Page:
It was 1989, and Juliana Taimoorazy’s family was desperate to escape Iran. Facing increasing persecution as Assyrian Christians, the family had already helped Taimoorazy’s brother escape to Europe. But getting an unmarried teenage girl out of the country without attracting the government’s attention was no easy feat.
One smuggler proposed hiding her in sheepskin, and driving her through Pakistan to India in the back of a truck. But her father thought the proposal raised red flags for human trafficking. Another smuggler proposed marrying the teenage girl, converting her to Islam, and taking her to Germany. But he was unwilling to promise that he would then divorce her and relinquish any claim to legal rights over her. If he liked her, he said, he would keep her.
After months of fasting and praying, the family found someone to smuggle Taimoorazy to Switzerland. She was granted asylum in the United States in 1990, at the age of 17.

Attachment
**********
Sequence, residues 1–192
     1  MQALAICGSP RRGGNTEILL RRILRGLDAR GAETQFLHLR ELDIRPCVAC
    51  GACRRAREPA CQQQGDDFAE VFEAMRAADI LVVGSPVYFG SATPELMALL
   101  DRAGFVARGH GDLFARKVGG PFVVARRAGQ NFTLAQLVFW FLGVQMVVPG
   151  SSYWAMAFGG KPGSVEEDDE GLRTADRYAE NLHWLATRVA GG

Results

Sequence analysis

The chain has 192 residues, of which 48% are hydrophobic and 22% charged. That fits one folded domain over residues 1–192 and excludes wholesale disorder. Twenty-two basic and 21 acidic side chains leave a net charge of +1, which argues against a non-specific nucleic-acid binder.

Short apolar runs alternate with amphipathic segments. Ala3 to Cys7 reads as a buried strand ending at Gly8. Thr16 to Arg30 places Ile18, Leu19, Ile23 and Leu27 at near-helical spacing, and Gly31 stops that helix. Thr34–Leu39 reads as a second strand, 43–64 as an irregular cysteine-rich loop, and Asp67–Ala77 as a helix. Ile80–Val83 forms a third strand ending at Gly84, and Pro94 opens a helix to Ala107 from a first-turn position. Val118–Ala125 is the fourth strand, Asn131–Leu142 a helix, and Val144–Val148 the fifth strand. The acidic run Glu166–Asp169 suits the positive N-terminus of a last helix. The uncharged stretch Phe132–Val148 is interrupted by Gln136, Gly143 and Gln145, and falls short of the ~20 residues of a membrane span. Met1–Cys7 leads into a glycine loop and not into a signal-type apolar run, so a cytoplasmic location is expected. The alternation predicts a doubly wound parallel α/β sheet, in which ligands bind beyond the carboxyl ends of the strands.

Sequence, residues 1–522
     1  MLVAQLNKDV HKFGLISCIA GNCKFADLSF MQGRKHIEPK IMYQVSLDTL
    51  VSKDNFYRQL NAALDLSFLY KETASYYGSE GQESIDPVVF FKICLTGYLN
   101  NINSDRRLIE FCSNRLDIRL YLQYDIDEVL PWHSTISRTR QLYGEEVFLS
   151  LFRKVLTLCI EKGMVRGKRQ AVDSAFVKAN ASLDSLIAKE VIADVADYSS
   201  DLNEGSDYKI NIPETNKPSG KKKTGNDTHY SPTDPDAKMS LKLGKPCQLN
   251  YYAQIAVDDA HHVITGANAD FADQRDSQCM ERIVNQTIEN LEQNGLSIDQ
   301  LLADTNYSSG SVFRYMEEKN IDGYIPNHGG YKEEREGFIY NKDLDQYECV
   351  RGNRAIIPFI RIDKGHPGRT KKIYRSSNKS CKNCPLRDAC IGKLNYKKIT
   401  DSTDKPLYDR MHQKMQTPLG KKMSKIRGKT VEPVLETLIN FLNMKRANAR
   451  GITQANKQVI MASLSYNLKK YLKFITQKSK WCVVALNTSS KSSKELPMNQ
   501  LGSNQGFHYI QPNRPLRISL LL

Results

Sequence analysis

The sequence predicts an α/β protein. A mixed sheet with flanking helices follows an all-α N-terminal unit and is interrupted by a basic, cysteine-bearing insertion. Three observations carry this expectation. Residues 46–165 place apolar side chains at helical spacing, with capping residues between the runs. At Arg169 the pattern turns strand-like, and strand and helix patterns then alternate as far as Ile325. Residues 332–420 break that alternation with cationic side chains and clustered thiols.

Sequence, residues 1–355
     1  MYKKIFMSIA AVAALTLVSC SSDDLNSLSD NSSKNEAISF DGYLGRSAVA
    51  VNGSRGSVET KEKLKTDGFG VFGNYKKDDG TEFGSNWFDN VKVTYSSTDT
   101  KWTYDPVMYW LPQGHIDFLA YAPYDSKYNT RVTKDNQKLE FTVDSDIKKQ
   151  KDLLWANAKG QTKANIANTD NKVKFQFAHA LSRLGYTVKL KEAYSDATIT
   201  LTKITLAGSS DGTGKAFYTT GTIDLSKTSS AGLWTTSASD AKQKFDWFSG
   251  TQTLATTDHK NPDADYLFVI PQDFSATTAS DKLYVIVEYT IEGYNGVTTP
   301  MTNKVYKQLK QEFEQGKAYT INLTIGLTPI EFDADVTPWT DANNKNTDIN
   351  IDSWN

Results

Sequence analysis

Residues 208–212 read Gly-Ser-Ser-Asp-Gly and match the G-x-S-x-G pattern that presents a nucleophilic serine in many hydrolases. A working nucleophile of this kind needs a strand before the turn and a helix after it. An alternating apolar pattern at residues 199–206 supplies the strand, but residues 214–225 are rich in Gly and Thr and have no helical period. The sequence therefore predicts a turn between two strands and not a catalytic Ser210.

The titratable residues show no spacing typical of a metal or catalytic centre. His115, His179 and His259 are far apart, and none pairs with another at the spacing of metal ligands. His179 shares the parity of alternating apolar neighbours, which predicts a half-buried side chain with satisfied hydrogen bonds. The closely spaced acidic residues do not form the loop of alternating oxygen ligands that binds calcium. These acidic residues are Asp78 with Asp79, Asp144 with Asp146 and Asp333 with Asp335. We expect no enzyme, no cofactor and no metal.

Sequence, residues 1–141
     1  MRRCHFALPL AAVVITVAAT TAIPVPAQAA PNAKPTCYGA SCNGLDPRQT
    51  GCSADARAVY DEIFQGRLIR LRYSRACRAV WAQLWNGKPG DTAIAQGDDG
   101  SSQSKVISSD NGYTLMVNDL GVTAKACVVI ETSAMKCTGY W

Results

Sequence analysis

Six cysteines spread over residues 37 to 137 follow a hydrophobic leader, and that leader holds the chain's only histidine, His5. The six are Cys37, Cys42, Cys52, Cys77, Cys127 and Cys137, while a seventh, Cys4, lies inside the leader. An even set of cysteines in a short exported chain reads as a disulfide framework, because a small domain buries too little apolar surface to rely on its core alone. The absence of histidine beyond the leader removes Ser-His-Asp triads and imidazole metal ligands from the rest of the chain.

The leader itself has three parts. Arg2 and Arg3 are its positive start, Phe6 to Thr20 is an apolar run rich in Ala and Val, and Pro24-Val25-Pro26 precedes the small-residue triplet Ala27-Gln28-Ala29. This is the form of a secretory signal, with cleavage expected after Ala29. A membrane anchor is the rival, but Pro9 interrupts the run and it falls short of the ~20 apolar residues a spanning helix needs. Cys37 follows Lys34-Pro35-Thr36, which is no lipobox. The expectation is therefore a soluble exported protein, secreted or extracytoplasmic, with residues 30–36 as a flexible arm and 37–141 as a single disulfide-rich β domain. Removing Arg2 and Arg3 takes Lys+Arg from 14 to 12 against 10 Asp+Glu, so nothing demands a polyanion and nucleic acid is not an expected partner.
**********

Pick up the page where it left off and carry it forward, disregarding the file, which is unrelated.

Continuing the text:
Today, Taimoorazy runs the Iraqi Christian Relief Council (ICRC), which she founded in 2007 to raise awareness and humanitarian aid for persecuted Christians in Iraq and throughout the Middle East. She has served as a United Nations delegate and has spoken to lawmakers in the United States and Europe about policies that affect persecuted Christians.
Last month, she was nominated for the 2021 Nobel Peace Prize for her advocacy work.
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